By the time the Constitution was ratified, hundreds of substantial slave uprisings had occurred across the South.  Blacks outnumbered Whites in large areas, and the state militias were used to both prevent and to put down slave uprisings.  As Dr. Bogus points out, slavery can only exist in the context of a police state, and the enforcement of that police state was the explicit job of the gun toting mostly civilian militias.

As I’ve written before, the Second Amendment was written the way it was – mentioning “state” instead of, as in its original version, “country” – to allow the southern states to keep their militias intact, and those militias were overwhelmingly slave patrols.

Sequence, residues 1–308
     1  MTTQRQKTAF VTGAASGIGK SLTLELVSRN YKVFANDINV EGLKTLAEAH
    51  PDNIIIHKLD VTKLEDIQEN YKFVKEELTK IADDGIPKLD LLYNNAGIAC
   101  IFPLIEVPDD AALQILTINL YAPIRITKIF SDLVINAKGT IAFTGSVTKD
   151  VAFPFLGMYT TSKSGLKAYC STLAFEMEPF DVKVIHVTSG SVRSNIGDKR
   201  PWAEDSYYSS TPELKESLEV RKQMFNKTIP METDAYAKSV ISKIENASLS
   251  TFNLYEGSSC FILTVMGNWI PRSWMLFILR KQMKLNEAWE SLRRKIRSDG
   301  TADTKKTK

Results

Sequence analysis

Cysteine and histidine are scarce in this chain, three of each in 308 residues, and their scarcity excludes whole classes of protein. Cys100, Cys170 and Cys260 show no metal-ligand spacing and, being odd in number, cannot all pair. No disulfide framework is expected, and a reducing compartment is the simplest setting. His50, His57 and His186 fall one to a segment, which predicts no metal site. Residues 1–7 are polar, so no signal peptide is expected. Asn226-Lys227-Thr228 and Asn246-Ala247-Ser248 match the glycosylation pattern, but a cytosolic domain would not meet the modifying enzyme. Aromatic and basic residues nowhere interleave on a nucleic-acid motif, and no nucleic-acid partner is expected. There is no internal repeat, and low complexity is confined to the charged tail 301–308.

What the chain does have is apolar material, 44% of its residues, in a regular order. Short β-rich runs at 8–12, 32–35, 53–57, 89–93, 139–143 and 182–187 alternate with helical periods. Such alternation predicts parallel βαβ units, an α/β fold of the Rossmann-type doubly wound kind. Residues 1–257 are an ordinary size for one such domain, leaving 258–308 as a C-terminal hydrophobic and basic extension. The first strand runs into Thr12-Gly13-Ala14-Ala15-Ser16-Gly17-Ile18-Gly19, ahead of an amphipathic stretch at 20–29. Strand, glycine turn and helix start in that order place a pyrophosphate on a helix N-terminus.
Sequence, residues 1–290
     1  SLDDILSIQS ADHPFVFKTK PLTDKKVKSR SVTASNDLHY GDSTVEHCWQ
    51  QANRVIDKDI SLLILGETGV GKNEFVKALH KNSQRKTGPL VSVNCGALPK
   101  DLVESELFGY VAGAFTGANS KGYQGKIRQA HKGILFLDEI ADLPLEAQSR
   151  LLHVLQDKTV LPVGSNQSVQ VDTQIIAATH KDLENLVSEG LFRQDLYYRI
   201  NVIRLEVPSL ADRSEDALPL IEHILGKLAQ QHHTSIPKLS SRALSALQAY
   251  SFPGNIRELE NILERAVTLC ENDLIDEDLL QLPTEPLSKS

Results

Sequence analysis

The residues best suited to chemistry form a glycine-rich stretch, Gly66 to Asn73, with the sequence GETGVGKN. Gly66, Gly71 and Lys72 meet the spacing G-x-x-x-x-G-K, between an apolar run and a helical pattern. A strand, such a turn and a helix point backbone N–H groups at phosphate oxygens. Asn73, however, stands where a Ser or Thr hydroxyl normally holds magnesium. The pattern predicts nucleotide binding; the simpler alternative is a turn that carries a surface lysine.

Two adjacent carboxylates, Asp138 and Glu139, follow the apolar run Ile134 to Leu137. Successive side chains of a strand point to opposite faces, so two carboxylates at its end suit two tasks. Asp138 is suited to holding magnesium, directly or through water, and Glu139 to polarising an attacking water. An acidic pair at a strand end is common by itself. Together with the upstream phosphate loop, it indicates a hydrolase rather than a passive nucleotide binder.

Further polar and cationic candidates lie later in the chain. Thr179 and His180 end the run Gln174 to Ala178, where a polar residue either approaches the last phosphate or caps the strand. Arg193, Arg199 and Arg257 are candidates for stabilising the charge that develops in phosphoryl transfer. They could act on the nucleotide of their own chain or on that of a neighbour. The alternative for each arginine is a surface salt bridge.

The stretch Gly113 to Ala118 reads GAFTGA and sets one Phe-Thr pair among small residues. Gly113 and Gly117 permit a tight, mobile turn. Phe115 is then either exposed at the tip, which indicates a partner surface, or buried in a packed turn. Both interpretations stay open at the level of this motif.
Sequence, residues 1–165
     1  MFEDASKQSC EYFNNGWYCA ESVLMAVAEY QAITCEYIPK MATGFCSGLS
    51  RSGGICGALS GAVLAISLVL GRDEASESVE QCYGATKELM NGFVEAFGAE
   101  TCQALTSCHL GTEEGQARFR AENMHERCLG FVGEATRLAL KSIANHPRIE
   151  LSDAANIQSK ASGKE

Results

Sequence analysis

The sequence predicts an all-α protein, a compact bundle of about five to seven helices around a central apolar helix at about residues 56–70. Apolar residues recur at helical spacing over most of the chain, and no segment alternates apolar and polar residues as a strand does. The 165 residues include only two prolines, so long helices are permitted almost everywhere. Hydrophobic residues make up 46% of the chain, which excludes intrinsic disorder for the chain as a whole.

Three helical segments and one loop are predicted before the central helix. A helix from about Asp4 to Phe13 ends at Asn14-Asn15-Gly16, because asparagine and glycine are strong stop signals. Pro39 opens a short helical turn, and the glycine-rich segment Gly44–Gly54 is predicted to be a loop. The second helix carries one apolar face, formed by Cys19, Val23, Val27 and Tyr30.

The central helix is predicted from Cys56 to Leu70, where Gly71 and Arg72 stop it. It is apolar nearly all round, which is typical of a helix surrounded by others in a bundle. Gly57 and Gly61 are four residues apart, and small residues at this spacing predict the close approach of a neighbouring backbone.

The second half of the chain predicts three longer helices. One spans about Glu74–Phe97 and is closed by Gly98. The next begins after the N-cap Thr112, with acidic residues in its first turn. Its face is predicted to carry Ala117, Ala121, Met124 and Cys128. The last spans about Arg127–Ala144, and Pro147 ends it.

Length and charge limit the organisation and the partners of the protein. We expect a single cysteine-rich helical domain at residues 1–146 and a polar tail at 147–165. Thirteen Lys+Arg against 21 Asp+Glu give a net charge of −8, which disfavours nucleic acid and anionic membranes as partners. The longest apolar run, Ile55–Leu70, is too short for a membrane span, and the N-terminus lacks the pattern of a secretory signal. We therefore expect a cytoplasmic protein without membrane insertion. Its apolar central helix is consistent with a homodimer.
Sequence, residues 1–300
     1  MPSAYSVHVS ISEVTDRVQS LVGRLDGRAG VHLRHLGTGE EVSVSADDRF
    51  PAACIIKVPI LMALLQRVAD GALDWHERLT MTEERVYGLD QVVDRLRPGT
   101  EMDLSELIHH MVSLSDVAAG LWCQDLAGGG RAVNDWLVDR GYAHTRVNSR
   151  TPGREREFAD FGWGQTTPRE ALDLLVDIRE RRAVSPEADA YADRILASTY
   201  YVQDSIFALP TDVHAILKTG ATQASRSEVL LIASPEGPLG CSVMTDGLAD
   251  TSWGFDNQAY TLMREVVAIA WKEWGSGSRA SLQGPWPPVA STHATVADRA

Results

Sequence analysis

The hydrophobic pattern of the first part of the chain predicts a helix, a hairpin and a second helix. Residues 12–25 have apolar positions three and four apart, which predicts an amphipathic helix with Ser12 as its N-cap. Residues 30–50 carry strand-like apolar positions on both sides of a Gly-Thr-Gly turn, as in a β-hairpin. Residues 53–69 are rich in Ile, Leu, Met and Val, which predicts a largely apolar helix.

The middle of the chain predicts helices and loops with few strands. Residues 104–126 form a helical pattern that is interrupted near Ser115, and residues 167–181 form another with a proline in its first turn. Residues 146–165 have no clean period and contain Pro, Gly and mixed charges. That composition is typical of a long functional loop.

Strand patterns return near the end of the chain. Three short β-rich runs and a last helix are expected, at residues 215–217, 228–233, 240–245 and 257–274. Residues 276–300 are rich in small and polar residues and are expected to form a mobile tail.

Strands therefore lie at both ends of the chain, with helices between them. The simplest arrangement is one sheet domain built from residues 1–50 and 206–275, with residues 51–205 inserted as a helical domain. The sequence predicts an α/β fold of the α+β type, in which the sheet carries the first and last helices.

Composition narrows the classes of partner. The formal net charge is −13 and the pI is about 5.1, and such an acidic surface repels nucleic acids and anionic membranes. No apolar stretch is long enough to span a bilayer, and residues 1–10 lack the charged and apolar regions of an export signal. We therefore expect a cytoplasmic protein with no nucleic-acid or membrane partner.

As a result, for the two-plus centuries since then, American police – and, in the 19th century, American slave patrollers – have largely had carte blanche to execute black men who they think are “out of line.”

via The Ongoing Kaepernick Controversy Shows Much of White America Is Still in ‘Slave Patrol’ Mode.